18 Oct 2018

A love of the sky: the life of record-breaking woman with wings Madeleine Charnaux

Born in Vichy in 1902, inspirational pilot Madeleine Charnaux discovered air sports when she travelled from Palermo to Naples on a seaplane. Immediately hooked, she went on to set no fewer than 11 world records!

Charnaux passed her amateur pilot’s license in June 1932, becoming the first woman to be accepted into the exclusive “Roland Garros” pilots’ club.

“To fly, navigate through the air, be rocked by the airwaves, climb up to the purest air, it was all I wanted,” she wrote in her book “Love of the sky”.

Her first plane was a “Moth” bought in London, in which she flew from France to Morocco (making the journey in a series of short flights) between December 1932 and January 1933.

Feeling the need for greater speed, Charnaux then moved on to a “Miles Hawk”, with which she made her first record attempt in the category of “speed with a passenger”.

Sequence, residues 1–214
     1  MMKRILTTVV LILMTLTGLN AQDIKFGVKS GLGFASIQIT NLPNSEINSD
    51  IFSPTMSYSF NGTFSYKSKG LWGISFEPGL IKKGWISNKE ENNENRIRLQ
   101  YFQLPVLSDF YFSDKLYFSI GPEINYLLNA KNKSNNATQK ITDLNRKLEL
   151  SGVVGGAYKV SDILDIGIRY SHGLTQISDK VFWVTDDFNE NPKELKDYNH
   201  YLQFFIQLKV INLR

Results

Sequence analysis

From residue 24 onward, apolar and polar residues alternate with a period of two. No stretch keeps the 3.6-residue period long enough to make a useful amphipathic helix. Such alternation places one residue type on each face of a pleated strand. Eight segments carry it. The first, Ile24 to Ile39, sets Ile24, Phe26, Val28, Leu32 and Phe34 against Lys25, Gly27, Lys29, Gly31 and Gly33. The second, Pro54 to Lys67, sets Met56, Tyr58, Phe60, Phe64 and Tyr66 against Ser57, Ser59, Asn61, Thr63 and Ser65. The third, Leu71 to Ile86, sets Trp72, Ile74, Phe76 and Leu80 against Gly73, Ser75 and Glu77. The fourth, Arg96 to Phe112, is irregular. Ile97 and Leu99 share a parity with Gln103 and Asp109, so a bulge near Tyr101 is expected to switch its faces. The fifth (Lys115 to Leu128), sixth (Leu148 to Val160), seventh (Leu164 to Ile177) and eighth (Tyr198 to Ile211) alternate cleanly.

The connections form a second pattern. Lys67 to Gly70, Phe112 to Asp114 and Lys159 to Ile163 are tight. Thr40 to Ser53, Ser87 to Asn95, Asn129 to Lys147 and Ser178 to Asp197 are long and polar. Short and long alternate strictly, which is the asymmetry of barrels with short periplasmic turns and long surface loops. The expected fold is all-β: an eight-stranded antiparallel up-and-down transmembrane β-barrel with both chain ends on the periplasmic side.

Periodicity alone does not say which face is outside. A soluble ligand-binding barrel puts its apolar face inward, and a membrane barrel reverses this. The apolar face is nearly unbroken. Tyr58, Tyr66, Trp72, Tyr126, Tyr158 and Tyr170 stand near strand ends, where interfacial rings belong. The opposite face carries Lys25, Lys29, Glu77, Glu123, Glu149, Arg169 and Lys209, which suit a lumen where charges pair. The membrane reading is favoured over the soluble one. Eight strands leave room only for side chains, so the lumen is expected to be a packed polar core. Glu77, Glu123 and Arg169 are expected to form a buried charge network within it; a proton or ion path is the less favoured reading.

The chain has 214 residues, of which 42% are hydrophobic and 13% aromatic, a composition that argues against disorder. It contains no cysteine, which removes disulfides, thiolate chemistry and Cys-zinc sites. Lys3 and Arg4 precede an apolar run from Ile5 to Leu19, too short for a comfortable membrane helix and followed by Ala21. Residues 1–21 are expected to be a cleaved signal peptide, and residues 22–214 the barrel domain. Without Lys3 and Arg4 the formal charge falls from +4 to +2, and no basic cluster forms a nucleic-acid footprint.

Despite the failure of this endeavour, she went on to become a professional pilot – and continued to challenge and often beat aviation records of various kinds.

The first of her altitude records was the "female pilot with a passenger" record, which she set after attaining 4,990m with her passenger Yvonne Jourjon on September 24, 1934.

In January the following year, she topped her own personal best by reaching a height of 6115m with her passenger Edith Clarck – a record that stood until July 1937, when it was beaten by Soviet pilot Irina Vishnevskaya.

Her other achievements include becoming the first ever female pilot to become qualified in poor visibility flying, as well as setting numerous female pilot speed records.

The first of these records was set on May 8, 1937, when Charnaux managed a speed of 283.24km/h on a 100km circuit, accompanied by her passenger Madame Mahé.

She surpassed her own record later that year, hitting a speed of 268.74km/h on October 16.

Sadly however, Charnaux’s dreams of breaking yet more aviation records were cut short by the outbreak of the second World War, and her failing health.

She died of tuberculosis in Vichy on October 10, 1943.

Photo credits: FAI